Recording available: Transport Justice seminar

Since about 8 years the links between ethics/fairness and transport rapidly gain more attention from academics. Recently David Banister (Oxford University) and Karel Martens (Technion, Haifa) each published a book in this area. They participated in a seminar of the Transport Institute in November 2018.

In this seminar (video), David Banister elaborates on his new book, Inequality in Transport. He states that today’s transport policy benefits the rich more than the poor. The inequality is twofold he explains. The travel patterns of the poor produce less emissions  - while the poor are more likely to be impacted by the negative effects of transport without having means to seek for compensation.

Karel Martens is the author of the book ‘Transport justice’ which aims to develop a new paradigm for transportation planning. The focus of transportation planning has always been on the performance of the transport system. Martens focuses on the implicit distributive consequences and defines the winners and losers of this approach. This has resulted in debate to change at least some of the inequities.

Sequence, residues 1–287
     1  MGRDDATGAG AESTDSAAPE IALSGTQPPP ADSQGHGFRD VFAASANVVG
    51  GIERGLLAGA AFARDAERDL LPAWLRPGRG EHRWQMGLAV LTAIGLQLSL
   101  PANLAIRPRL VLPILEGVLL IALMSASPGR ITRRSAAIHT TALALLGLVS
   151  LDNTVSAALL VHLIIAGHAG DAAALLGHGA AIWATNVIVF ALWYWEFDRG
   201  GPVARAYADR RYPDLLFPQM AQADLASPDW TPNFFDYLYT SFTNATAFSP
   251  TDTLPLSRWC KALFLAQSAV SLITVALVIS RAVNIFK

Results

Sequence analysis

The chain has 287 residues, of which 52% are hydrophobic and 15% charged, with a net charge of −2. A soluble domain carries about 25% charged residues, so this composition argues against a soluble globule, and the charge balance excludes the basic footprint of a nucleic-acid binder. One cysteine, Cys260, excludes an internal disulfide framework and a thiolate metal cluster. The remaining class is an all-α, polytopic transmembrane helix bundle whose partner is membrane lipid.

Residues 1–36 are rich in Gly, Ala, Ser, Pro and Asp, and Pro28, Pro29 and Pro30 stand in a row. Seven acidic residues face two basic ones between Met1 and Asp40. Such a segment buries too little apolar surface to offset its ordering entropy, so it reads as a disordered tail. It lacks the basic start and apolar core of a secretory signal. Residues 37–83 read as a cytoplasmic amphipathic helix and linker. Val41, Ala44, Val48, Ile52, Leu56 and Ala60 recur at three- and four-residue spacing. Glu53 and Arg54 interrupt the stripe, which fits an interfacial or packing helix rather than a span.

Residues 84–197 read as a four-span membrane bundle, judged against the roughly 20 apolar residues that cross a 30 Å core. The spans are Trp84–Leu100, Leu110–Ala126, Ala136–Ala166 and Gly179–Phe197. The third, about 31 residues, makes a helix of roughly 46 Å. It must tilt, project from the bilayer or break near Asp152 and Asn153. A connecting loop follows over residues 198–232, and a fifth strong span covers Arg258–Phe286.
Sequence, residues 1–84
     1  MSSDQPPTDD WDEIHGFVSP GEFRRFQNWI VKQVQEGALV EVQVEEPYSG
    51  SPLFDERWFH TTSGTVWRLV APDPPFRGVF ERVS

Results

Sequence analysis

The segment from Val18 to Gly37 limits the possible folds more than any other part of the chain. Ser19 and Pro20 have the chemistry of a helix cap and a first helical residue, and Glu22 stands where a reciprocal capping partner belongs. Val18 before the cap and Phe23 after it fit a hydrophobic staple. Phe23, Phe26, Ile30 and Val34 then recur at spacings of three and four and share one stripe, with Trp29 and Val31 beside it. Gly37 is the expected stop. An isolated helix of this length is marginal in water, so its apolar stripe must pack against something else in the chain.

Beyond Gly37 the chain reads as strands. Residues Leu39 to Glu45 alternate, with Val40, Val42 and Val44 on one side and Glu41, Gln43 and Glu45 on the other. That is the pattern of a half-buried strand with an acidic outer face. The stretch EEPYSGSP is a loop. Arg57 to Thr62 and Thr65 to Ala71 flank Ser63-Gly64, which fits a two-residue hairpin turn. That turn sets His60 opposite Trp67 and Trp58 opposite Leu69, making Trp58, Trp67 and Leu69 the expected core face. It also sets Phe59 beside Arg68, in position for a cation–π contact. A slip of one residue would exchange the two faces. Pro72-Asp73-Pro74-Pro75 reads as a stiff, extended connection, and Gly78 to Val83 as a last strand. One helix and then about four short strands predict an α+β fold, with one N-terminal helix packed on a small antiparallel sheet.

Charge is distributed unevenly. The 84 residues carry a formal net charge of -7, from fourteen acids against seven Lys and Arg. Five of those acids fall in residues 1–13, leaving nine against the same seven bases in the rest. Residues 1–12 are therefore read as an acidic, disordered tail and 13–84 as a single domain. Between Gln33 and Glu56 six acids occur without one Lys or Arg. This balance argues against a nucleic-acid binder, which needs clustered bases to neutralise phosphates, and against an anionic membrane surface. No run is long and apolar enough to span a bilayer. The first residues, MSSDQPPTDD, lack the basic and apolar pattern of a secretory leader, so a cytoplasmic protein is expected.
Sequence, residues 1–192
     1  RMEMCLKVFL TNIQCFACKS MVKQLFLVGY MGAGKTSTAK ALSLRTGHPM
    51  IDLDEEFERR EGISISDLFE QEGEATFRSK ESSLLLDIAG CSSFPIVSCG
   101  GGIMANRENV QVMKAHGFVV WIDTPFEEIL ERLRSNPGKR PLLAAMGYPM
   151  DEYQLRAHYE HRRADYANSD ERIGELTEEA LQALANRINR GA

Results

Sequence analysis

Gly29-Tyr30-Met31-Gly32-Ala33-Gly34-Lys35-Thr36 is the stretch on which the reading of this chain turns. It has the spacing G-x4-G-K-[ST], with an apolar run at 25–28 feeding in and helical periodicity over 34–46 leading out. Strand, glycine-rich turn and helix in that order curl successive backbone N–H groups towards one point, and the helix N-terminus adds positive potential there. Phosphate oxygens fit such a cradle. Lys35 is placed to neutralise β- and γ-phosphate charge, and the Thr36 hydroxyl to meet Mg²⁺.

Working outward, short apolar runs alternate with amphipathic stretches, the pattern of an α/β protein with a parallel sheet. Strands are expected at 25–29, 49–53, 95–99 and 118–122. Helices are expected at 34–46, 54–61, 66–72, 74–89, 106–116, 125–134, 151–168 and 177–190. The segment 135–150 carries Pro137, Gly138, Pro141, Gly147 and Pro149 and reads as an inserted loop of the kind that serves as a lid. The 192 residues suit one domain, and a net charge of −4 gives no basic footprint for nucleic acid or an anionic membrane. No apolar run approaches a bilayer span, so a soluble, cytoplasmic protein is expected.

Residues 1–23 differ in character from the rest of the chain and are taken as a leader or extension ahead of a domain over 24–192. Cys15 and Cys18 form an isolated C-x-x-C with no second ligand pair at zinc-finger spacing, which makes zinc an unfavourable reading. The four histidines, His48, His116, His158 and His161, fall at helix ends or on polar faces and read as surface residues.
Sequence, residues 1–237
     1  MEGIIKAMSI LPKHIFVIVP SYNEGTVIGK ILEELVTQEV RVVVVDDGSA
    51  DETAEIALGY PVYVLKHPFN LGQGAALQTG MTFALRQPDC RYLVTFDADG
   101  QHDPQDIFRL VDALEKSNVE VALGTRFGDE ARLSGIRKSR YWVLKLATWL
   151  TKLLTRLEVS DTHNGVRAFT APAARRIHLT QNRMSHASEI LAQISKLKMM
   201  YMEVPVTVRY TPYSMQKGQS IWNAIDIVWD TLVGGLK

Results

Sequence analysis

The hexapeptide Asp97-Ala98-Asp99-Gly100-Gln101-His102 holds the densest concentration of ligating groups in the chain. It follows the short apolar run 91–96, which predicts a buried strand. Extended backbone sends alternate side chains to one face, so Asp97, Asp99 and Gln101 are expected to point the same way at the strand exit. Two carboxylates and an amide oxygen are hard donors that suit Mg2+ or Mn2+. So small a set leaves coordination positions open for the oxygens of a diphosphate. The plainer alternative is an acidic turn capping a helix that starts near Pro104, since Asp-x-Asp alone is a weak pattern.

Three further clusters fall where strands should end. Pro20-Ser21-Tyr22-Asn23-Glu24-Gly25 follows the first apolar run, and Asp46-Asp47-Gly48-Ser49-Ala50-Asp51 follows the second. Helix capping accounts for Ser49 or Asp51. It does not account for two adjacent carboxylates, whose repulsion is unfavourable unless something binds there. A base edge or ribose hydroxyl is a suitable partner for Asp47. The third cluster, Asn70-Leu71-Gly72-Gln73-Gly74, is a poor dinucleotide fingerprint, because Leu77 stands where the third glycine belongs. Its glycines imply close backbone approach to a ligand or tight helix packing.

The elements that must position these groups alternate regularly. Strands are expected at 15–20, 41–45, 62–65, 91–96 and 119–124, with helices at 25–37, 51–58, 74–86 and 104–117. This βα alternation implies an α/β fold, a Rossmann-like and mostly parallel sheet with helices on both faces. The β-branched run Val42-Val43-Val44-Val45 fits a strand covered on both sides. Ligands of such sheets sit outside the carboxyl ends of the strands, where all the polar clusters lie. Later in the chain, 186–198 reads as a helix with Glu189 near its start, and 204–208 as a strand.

Although David Banister does provide implications of his findings, his book largely has a descriptive focus. The book of Martens is normative. Preceding both presentations Bert van Wee (Delft University of Technology) gives an overview of recent trends in this area.

The video can be found here: